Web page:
Snowden was always a conservative, and a patriot; he joined the army to train for Special Forces, completely believing in the duty of America to maintain world order, and protect the freedoms it claims to stand for. Self-taught, with no college degree, he became an expert in computers too, with a genius level on a par with the best. After a serious accident during his army training, he is told he will be discharged as medically unfit. Still desperate to serve his country, he applies for a job as an analyst with the CIA, and is successful. He is immediately noticed for his talent, and completes training as the top student.

Whilst in Washington DC, he meets Lindsey, a free-spirited liberal woman who becomes his girlfriend. That on-off relationship and the difficulties his job places on it become a large part of the film too. But we are mainly shown some fascinating behind the scenes details of just how the ‘system’ works. In collusion with the British spymasters at GCHQ, the CIA begins to monitor email, webcam, and cellphone communication around the world, in any country they choose. Using the justification of the 9/11 attacks, laws and constitutional issues are overturned in favour of the dream of complete surveillance of everyone on the planet. Nothing is beyond their reach, and I mean NOTHING.

This is where the film scored highly for me, with its detailed look at just how vast that network became, with the technical aspects clearly explained for the viewer, though breathtaking in their scale. Despite the convoluted machinations of the agencies concerned, I never felt overwhelmed by tech-speak, or failed to understand exactly what Snowden was a part of. Use of flashbacks dealt with numerous back-stories in a clear and concise way, with on-screen graphics quickly grounding the viewer in time and place. With his work for the CIA beginning to trouble him, he resigns, but eventually starts work at the NSA, as a contractor. Once there, he finds that the scale of the interference in people’s lives is increasing exponentially, and he resolves to do something about it.

Breaking all the rules, and his oath of secrecy, he copies an enormous amount of top secret information onto an SD card, and flees to Hong Kong, where he contacts a film-maker, a TV journalist, and The Guardian newspaper. The secrets are eventually revealed, as we all remember, and every country in the world carries the story in great detail. Snowden tries to escape to political asylum in Ecuador, but when his passport is revoked by John Kerry, he is stranded in Moscow, where he still resides to this day. It was hoped that the arrival of Barack Obama as president would overturn much of the shady dealings of the intelligence agencies. But when he decided to let them continue ‘In the interests of security’, all of Snowden’s efforts came to nothing.

The film has an excellent cast. Joseph Gordon-Levitt is superb as Snowden, and totally believable. Welsh actor Rhys Ifans impresses as one of the top CIA trainers, and Nicholas Cage plays against type as a world-weary code-breaker. Filmed mostly in Europe and Hong Kong, for obvious reasons, locations feel convincing, and despite a long running time, it had my attention from start to finish. This is an important film about a serious subject, and something we should all try to inform ourselves about.

And you won’t leave your laptop open after watching this, I assure you.

Retro Review: Notes On A Scandal (2006)

I have seen this film a couple of times, and never tire of the sheer quality of the acting talent on display.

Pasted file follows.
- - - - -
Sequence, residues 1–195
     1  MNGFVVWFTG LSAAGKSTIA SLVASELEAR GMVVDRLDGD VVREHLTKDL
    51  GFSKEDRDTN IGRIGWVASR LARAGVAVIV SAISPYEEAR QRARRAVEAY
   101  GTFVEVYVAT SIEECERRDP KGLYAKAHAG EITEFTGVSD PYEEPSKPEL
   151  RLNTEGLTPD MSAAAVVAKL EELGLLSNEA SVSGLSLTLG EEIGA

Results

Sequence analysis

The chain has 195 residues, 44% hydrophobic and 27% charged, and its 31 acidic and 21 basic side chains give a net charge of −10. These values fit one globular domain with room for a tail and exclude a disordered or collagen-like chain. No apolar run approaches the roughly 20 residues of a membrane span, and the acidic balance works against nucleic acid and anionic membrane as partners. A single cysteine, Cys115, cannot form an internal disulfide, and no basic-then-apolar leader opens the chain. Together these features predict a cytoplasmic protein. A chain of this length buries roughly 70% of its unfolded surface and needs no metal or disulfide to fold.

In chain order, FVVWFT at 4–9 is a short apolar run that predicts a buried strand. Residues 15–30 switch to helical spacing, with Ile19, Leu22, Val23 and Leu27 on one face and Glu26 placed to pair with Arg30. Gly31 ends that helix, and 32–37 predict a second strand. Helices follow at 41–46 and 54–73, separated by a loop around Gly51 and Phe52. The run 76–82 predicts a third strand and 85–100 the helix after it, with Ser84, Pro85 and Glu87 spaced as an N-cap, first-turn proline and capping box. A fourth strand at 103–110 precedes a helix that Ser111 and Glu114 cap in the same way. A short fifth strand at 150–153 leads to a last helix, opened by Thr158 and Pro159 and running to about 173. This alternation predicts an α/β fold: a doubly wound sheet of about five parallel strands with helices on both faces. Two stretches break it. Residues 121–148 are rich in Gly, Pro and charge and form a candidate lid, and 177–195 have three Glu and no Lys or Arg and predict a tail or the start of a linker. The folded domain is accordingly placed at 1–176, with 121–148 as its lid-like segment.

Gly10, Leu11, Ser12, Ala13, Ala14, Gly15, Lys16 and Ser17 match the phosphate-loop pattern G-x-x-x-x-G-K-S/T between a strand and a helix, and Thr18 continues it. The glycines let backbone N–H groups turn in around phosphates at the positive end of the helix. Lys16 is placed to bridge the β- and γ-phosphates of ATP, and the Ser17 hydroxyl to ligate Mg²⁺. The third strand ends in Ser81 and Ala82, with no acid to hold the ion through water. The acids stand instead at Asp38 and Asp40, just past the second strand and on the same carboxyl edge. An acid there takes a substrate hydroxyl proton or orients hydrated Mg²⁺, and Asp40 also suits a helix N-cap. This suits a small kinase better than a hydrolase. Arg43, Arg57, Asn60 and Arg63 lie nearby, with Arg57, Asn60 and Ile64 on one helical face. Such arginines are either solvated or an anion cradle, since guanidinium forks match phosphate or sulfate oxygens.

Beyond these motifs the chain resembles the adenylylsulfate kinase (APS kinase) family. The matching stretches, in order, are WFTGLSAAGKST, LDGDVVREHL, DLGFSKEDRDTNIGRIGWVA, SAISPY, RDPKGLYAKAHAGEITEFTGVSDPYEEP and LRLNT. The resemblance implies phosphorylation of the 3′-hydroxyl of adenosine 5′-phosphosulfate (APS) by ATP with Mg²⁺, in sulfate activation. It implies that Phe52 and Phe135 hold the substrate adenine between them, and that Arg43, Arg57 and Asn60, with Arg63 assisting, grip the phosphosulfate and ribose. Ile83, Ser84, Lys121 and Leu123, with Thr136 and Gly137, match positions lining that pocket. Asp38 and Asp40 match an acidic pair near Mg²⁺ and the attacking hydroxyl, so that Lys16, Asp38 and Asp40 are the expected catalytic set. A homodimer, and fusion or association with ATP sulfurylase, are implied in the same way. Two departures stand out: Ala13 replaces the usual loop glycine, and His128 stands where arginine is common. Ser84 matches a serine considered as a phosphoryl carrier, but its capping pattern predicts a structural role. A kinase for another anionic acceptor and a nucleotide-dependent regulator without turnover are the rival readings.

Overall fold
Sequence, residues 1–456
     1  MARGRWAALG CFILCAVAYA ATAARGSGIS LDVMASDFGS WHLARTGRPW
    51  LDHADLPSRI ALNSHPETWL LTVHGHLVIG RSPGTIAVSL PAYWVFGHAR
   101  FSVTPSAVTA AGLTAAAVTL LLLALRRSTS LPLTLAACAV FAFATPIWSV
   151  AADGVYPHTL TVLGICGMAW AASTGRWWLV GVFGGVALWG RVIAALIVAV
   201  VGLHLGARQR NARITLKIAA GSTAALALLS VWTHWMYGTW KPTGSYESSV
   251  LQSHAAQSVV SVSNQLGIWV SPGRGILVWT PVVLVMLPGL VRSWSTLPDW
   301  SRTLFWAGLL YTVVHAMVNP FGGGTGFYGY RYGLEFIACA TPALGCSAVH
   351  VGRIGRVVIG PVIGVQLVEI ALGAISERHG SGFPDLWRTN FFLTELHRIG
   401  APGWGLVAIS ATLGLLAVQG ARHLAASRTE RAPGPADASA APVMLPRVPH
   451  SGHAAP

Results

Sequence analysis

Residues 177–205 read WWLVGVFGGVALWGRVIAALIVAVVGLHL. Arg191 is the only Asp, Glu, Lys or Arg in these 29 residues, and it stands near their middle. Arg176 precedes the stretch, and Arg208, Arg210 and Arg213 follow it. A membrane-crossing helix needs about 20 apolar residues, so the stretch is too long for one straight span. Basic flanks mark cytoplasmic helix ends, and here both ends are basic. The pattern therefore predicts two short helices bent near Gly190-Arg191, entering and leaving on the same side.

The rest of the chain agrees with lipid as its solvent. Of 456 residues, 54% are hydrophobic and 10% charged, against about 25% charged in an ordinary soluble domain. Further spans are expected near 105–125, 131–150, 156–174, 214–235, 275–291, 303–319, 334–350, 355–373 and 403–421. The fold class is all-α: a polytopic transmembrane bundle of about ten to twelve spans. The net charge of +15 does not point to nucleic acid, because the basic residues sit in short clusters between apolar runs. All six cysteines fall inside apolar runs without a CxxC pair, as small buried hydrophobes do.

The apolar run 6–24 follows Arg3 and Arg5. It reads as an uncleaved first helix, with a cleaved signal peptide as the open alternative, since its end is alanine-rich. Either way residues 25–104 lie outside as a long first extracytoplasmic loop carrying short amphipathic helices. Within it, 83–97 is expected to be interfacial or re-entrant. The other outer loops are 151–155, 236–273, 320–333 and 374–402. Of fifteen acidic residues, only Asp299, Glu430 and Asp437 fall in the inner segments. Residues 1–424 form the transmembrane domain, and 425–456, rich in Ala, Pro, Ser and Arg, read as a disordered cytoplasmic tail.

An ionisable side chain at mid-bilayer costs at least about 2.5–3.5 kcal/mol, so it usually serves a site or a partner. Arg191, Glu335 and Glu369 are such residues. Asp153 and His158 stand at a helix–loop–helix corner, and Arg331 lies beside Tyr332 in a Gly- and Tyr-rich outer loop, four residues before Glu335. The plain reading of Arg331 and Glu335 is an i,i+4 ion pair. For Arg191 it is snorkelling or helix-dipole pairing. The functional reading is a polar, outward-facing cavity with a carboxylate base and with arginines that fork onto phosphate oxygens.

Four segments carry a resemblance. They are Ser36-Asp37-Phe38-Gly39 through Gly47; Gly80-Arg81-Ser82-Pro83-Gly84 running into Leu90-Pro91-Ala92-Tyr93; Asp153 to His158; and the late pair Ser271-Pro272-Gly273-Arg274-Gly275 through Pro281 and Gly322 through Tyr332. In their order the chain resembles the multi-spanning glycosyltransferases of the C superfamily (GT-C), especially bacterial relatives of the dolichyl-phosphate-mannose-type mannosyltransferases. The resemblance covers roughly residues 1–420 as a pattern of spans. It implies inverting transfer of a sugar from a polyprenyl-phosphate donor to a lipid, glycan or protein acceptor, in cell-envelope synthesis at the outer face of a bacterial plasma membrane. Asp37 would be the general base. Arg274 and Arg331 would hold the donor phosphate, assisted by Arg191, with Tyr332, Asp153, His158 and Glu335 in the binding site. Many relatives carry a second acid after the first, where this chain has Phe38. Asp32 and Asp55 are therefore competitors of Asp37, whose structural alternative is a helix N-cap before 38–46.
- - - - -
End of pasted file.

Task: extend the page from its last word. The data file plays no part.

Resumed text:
This deals with the issue of a teacher abusing her position of trust, by having an affair with an underage boy in her class. But it is so much more, weaving jealousy and bitterness, betrayal and middle-class attitudes, into a modern day tale as complex as a Shakespeare play. Directed by Richard Eyre, this stars the irresistible combination of Judi Dench and Cate Blanchett as fellow teachers at an inner-London school.

One is new to the job, with little idea how to cope, despite becoming the center of attraction for not only her colleagues, but also many of the older boys.

The other is a bitter lesbian; hating her job, and despising her colleagues, as well as the children she has taught for all of her working life. When one sexual encounter is spied upon, events begin that will wreck the lives and careers of all involved, with the viewers as witnesses as it plays out.

Blanchett is Sheba. Younger than her husband, (Bill Nighy) and mother to two children. She has arrived late to teaching, and finds it impossible to cope. But the attentions of a handsome young pupil turn her head, and she cannot resist embarking on an ill-fated and illegal affair with the boy. One incident is seen by her colleague Barbara, (Dench) who decides to use it to her advantage. She dreams of becoming Sheba’s lover, and uses the knowledge of the affair to inveigle herself into the family life of her supposed friend.

As Barbara begins to exert more control over the younger woman, we see her bitter and twisted thoughts laid out on the pages of her diary, as she writes and narrates it for our benefit. Lonely, obsessive, and living a double life, Barbara believes that she can find happiness with her younger colleague, and convince her to move in with her. But when she is rejected, she leaks the information, with catastrophic results.

British drama really doesn’t get better than this. The chemistry and talent of the two women on screen is magnetic, though Judi Dench’s portrayal of Barbara steals the show. Despite solid performances by everyone else involved, tight direction, a great script, and authentic locations, the film comes down to a riveting two-hander as the women discover the truth about each other.

Unreservedly recommended.